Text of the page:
Trump visits battleground state of Wisconsin, touts manufacturing and military investment

President TrumpDonald John TrumpDemocrat calls on White House to withdraw ambassador to Belarus nominee TikTok collected data from mobile devices to track Android users: report Peterson wins Minnesota House primary in crucial swing district MORE traveled to the battleground state of Wisconsin on Thursday, touring a shipyard in Marinette and highlighting his efforts to bring back manufacturing jobs and to invest in the U.S. military.

Trump toured the Fincantieri Marinette Marine on Thursday afternoon and viewed a model of a Navy ship being built there. He used his remarks, delivered outdoors, to highlight a federal contract worth up to $5.5 billion that was awarded to the shipyard to build the U.S. Navy Frigate FFG(X).

“Under this administration, you know that American workers like you are a national treasure,” Trump said during his roughly 30-minute remarks.

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Trump said that the contract would yield 9,000 additional jobs in Wisconsin through the supply chain, noting that the employees would be “so busy.” 

Trump touted the new ships as both a boon for Wisconsin and the U.S. Navy, noting his "colossal" investments in the U.S. military. He claimed the military had been “depleted” when he assumed office because of years of fighting “endless wars,” an ode to his effort to withdraw American troops from prolonged overseas conflicts like the war in Afghanistan.

“Through your sweat, skill and devotion, the workers of this shipyard will forge the future of the United States Navy,” Trump said. “You’ll fashion the ultimate symbol of American power and American prestige.” 

Trump’s trip to Wisconsin came as polls show him trailing presumptive Democratic nominee Joe BidenJoe BidenNAACP seeks to boost Black voter turnout in six states Biden touts Trump saying Harris would be 'fine choice' for VP pick Kamala Harris: The conventional (and predictable) pick all along MORE in the state. A Marquette University poll released Wednesday found Biden with 49 percent of the vote and Trump with 41 percent. Trump narrowly carried the state during the 2016 election over Democrat Hillary ClintonHillary Diane Rodham ClintonNAACP seeks to boost Black voter turnout in six states California Dems back Yang after he expresses disappointment over initial DNC lineup The Hill's Campaign Report: Biden picks Harris as running mate MORE.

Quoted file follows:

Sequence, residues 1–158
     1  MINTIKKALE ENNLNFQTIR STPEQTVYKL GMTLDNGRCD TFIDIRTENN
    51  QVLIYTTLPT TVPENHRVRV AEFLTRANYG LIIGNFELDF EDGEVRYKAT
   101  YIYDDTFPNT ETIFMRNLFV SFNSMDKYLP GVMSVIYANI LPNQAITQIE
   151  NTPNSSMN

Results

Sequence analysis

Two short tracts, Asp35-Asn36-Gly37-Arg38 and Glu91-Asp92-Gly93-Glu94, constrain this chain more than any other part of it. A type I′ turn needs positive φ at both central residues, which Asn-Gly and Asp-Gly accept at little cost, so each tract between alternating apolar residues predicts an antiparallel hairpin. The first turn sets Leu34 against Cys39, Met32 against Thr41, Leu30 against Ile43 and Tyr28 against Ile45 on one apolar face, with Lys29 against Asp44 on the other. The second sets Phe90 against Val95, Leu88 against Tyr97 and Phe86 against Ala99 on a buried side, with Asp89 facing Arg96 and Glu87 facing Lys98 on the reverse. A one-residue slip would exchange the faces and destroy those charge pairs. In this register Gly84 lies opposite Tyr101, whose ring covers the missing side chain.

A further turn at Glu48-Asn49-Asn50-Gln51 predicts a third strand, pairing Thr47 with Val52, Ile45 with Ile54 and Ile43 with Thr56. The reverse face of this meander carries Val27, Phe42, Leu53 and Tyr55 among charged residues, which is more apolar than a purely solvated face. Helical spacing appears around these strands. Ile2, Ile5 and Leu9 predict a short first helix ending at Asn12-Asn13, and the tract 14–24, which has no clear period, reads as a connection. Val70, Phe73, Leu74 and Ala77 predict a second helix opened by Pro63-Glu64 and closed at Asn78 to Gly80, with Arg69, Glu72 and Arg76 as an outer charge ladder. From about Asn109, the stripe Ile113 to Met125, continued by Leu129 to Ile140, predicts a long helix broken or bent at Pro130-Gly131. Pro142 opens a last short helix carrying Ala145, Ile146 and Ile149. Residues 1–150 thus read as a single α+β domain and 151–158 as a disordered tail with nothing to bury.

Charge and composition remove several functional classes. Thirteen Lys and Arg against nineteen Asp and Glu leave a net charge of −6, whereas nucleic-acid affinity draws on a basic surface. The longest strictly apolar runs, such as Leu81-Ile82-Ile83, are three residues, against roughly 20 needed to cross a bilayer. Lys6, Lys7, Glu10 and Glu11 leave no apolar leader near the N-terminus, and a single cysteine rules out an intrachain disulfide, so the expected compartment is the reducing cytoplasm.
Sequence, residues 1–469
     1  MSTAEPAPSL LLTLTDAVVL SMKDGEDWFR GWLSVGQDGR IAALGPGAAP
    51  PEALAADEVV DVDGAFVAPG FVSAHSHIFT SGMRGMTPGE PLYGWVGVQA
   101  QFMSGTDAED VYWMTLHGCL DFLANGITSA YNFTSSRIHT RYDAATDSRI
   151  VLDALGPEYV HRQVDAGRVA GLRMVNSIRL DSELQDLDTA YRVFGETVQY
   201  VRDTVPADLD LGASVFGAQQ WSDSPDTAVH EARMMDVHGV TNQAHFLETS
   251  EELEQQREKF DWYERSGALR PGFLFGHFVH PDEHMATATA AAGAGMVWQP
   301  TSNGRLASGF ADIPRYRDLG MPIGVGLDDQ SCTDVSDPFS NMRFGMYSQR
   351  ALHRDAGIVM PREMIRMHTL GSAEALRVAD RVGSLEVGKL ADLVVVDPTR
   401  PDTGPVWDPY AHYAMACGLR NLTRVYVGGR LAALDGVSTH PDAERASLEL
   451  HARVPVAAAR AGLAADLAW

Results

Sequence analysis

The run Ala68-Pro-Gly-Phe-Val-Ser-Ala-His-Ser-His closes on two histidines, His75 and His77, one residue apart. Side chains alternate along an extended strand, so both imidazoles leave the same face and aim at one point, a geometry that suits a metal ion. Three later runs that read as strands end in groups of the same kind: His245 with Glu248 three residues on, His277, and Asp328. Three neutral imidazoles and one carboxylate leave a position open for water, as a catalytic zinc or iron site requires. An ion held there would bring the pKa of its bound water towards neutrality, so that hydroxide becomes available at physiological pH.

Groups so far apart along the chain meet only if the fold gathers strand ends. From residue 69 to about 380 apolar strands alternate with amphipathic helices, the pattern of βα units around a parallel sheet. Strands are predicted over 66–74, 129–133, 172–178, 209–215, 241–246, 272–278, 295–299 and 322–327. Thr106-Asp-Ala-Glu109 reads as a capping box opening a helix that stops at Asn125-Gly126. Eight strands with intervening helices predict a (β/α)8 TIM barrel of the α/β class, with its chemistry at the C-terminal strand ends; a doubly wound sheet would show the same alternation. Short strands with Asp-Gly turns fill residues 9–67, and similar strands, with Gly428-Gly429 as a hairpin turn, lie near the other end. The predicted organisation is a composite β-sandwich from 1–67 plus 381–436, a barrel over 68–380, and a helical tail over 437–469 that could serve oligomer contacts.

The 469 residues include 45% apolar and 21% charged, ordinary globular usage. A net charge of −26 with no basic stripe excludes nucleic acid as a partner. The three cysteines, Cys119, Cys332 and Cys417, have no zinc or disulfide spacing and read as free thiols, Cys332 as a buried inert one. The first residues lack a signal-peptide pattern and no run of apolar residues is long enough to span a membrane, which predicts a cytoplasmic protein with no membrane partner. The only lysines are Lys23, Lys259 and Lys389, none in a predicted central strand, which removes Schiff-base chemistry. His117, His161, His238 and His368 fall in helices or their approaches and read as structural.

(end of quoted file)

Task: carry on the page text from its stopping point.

Before Trump visited the shipyard in Marinette, Trump stopped in Green Bay where he taped a town hall with Fox News host Sean HannitySean Patrick HannityQAnon supporter in Georgia heads into tight GOP runoff Sunday shows preview: White House, congressional Democrats unable to breach stalemate over coronavirus relief Tennessee primary battle turns nasty for Republicans MORE. The segment is scheduled to air Thursday evening on Hannity’s show. 

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Trump also touched on the novel coronavirus briefly during his remarks at the shipyard in Marinette, calling it a “horrible virus” that “came from China” offering a rosy picture of the path to economic recovery.

The pandemic, which forced a nationwide shutdown, resulted in millions of job losses and thousands of business closures.

Trump has spoken optimistically about the recovery, particularly in the wake of a surprise jobs report that showed the United States gained jobs during the month of May. The state of the economy is viewed as a critical factor in Trump’s reelection effort.

“We’re going to have a great third quarter and we’re going to have a phenomenal next year,” Trump told the crowd on Thursday.  

Trump’s remarks came as states across the country are facing a surge of coronavirus infections after relaxing restrictions meant to curb the spread of the virus so that businesses could reopen. Earlier Thursday, Texas Gov. Greg Abbott (R) announced the state would pause its efforts to reopen the economy amid an increase in cases and hospitalizations. Wisconsin is among states that have seen an increase in cases.

Trump, who has sought to downplay the threat from the virus, repeated his assertion that the U.S. has a large number of cases because of expanded testing capabilities and falsely claimed the country would have “no cases” if it didn’t test during his remarks in Wisconsin.

“We have the greatest testing program in the world we’re up to almost 30 million tests. that means we’re going to have more cases. If we didn’t want to test or if we didn’t test, we would have no cases, but we have cases because we test,” Trump told the crowd.